Avert your eyes! My Sunday morning look at incompetency, corruption and policy failures:
• Inside an International Tech-Support Scam: How a computer hacker infiltrated a phone scam operation — exposing fraudsters and their schemes The person who answered asked if he could access Jim’s computer to diagnose the problem. Jim granted access, but he was ready; he had created a “virtual computer” within his computer, a walled-off digital domain that kept Jim’s personal information and key operations safe and secure. As he played along with the caller, Jim recorded the conversation and activity on his Trojan horse setup to find out what he was up to. It took mere moments to confirm his hunch: It was a scam.(AARP)
• The Golden Age of Fraud is Upon Us Despite the fact that people have been getting duped by hucksters and charlatans for centuries, there was one period that kept coming up over and over again in my research — the 1920s. It was the golden age of financial fraud. The Roaring 20s had everything a con-artist looking to dupe people out of their money could ask for — innovation, new financial products, a booming economy, rising markets, new and exciting technologies, loose lending standards, new communication tools and people getting rich all over the place. (A Wealth of Common Sense)
• The Slander Industry: To get slander removed, many people hire a “reputation management” company. In my case, it was going to cost roughly $20,000. We soon discovered a secret, hidden behind a smokescreen of fake companies and false identities. The people facilitating slander and the self-proclaimed good guys who help remove it are often one and the same. (New York Times)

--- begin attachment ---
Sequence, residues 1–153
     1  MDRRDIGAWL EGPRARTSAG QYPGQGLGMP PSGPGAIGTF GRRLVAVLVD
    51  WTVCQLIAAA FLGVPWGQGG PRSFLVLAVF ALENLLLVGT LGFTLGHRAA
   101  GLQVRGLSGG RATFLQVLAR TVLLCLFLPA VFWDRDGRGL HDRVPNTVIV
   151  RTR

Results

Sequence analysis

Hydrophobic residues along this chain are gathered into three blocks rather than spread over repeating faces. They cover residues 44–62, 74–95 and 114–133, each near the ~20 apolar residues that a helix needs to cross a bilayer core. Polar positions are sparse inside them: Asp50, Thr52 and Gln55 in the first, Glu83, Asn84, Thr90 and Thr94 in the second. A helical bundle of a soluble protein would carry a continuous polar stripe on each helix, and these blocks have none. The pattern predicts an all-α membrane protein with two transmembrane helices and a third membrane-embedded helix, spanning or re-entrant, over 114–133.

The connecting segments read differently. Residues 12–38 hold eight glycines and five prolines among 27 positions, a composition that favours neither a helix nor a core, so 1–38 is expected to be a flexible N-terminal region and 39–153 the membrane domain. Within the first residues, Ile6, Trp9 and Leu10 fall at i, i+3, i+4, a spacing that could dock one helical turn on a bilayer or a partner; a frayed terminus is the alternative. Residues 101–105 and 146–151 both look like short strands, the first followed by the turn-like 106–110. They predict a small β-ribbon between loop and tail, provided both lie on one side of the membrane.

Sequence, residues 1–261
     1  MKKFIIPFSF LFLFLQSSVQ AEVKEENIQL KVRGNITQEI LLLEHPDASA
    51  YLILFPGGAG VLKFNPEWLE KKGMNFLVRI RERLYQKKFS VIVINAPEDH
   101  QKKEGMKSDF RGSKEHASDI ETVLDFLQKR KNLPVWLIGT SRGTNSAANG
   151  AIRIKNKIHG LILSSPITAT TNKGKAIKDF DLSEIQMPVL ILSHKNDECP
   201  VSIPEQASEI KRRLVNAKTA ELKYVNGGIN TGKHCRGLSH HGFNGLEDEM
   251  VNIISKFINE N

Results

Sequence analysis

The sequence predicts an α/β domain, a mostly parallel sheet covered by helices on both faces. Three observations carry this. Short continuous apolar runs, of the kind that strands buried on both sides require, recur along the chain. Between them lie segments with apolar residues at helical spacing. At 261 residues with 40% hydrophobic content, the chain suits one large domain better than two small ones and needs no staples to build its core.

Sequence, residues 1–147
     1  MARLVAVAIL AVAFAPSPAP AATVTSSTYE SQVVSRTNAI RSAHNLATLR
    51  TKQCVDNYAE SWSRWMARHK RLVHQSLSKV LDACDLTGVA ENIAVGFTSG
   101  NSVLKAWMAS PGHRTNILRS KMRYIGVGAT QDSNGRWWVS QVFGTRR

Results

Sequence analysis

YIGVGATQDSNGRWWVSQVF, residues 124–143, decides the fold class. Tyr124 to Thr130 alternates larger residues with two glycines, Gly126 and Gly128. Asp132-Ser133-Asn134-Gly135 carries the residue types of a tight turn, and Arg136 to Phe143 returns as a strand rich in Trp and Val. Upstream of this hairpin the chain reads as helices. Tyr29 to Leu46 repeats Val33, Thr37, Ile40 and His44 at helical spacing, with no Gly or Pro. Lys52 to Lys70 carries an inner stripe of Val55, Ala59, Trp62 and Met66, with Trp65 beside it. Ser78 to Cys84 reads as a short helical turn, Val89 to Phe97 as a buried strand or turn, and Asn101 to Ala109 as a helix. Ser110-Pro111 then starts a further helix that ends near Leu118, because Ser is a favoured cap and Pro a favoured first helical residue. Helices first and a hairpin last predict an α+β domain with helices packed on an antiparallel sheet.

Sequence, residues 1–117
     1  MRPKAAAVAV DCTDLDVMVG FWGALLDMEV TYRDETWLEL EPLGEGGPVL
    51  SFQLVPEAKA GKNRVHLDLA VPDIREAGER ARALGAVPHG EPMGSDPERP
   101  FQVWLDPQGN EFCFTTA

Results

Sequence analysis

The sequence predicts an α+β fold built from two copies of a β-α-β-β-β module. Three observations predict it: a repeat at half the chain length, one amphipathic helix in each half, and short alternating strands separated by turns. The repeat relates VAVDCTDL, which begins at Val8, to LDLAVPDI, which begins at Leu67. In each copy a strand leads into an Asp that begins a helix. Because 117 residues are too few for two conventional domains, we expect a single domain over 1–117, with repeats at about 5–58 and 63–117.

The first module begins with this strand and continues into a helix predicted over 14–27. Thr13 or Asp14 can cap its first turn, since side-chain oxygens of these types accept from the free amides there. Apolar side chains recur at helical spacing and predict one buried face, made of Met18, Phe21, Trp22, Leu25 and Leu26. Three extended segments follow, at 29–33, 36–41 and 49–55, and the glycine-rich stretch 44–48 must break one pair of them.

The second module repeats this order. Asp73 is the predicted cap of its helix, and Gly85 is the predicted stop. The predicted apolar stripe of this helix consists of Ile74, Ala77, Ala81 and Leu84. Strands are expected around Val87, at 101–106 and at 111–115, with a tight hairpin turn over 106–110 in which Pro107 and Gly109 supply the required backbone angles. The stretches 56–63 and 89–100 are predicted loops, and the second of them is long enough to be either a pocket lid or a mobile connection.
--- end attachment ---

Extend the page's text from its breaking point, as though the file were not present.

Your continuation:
• Inside the ‘Tartarian Empire,’ the QAnon of Architecture A dedicated group of YouTubers and Reddit posters see the Singer Building and countless other discarded pre-modern beauties and extant Beaux-Arts landmarks as artifacts of a globe-spanning civilization called the Tartarian Empire, which was somehow erased from the history books. Adherents of this theory believe these buildings to be the keys to a hidden past, clandestinely obscured by malevolent actors. Adherents of this bizarre conspiracy theory argue that everything you know about the history of architecture is wrong. (CityLab)
• The U.S. Has the Shots It Needs, But Vaccine Doubt Is Prolonging the Pandemic The bigger problem for everyone, even in a now vaccine-rich country like the U.S., is that there are too many of these fence-sitters to bet on widespread immunity protecting the populace anytime soon. The fewer people who get vaccinated, the longer the pandemic will drag on and the more lives will be lost. America might have the technology and personnel to stamp out the disease, but not necessarily enough trust left in public-health efforts to get it done. (Businessweek) see also How Europe Sealed a Pfizer Vaccine Deal With Texts and Calls The deal will establish the European Union as Pfizer’s biggest single client by far; the company has so far sold 300 million doses to the United States. The contract will permit the European Union to resell or donate the vaccines to partners, empowering it to conduct vaccine diplomacy and support struggling efforts to immunize people in poorer countries. (New York Times)